Where, wear and were; these three words may have different spellings, but they all sound similar and are often mixed up. This article will teach you a few tips on how to differentiate between them and tricks for remembering how to use them correctly.
‘Where’ is probably the most commonly used of the three words, as it functions as an adverb, conjunction, and a pronoun. The uses of ‘where’ all relate to a place, location, or situation.
Where are you going?
I don’t know where my hat is.
She moved to a town where nobody knew her.
To remember when to use ‘where’ correctly, think about the word ‘here’ which makes up the last part of the word. ‘Here’ could be used as the answer to your question or instead of ‘where’ when you rearrange the sentence:
Where are you going? – Over here
I don’t know where my hat is – It is here
She moved to a town where nobody knew her – Nobody knew her here
The word ‘Wear’ has two main meanings.
It can be used as both a verb and a noun, to describe having something on one’s body e.g clothing or makeup.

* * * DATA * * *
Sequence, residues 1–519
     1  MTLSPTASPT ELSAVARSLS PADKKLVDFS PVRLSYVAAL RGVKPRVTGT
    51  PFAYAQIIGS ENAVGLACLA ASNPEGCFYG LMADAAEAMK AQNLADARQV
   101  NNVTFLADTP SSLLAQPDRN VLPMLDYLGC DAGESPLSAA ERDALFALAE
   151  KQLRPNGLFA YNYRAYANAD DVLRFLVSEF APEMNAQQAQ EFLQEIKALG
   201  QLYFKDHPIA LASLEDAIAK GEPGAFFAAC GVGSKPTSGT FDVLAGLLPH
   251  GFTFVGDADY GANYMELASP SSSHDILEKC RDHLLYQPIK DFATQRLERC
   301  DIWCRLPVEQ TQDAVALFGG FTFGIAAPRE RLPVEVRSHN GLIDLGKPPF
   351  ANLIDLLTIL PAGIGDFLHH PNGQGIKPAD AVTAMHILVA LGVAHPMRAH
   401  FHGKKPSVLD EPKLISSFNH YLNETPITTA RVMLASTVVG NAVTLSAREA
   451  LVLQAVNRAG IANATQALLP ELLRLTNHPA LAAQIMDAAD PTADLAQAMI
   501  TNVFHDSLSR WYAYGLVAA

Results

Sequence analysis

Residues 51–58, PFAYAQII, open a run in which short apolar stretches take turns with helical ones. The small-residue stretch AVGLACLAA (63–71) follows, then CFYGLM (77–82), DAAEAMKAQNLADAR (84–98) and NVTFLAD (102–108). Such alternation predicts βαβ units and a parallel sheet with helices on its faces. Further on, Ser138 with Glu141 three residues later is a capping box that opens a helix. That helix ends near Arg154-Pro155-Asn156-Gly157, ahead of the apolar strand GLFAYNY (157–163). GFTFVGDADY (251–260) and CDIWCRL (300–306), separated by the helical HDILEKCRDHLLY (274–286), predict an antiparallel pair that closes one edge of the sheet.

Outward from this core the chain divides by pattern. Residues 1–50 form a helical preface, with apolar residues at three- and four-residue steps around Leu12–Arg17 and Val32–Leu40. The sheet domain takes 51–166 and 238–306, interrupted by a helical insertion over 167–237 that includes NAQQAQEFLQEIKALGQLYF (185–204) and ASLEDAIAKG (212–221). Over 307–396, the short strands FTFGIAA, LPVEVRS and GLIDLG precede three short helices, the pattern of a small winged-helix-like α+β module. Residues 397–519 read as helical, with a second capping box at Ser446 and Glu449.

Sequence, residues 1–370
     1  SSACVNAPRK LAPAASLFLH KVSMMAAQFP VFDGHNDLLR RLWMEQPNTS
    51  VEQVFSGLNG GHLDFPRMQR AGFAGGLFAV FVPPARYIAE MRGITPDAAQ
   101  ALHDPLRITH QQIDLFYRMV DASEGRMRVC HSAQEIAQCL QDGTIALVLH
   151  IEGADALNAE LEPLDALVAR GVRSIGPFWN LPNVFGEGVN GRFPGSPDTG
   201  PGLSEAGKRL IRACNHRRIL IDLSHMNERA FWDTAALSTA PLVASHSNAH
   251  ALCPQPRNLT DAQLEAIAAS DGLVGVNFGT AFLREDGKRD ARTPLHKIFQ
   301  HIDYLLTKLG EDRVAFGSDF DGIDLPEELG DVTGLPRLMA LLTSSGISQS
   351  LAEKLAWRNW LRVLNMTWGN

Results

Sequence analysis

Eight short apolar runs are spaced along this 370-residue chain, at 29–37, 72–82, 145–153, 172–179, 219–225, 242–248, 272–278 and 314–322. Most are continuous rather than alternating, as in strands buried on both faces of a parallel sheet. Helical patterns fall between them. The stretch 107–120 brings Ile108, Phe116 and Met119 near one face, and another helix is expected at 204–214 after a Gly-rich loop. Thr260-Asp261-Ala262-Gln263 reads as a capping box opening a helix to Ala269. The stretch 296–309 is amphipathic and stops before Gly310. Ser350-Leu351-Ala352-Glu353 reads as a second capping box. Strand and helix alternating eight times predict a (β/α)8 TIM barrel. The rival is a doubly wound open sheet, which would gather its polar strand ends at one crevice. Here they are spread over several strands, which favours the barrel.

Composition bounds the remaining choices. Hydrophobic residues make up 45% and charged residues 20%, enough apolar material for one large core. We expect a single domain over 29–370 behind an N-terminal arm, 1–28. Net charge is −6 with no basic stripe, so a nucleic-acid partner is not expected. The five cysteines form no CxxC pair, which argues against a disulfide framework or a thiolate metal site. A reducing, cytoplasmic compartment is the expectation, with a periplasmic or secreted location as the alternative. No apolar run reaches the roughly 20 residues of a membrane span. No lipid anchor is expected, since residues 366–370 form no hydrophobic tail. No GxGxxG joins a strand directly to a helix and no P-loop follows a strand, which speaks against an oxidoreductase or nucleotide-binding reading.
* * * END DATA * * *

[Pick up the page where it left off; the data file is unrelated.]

I don’t have anything to wear.
I never wear makeup.
Or, it may mean to damage, erode or destroy something over time.
Be careful not to wear yourself out.
She returned the dress due to wear and tear.
One way to remember the spelling for this word is that you wear earmuffs. Both have the word ear in them. So if you are talking about clothing, think of earmuffs to remember which spelling you need.
If you are talking about something being worn down then remember wear and tear which have the same ending.
‘Were’ is pronounced slightly differently to wear and where (unless you are talking about a werewolf), and is the past tense of are.
What were you thinking?
They were his favourite jeans.
If you’re unsure whether were is the correct word to use, try putting ‘are’ in it’s place and seeing whether the sentence still makes sense. For example;
What were you thinking? – What are you thinking?
They were his favourite jeans – They are his favourite jeans
Where, wear and were
With these tips to remember the different uses and a little bit of practice, we’re sure you’ll be feeling much more confident with these homophones in no time. Here are a couple more examples to help you out:
Where is the party?
What should I wear?
Were you there?
Is there a pair of homophones you commonly confuse? Let us know – we may even write our next blog post on it and find some handy ways to help you remember the differences.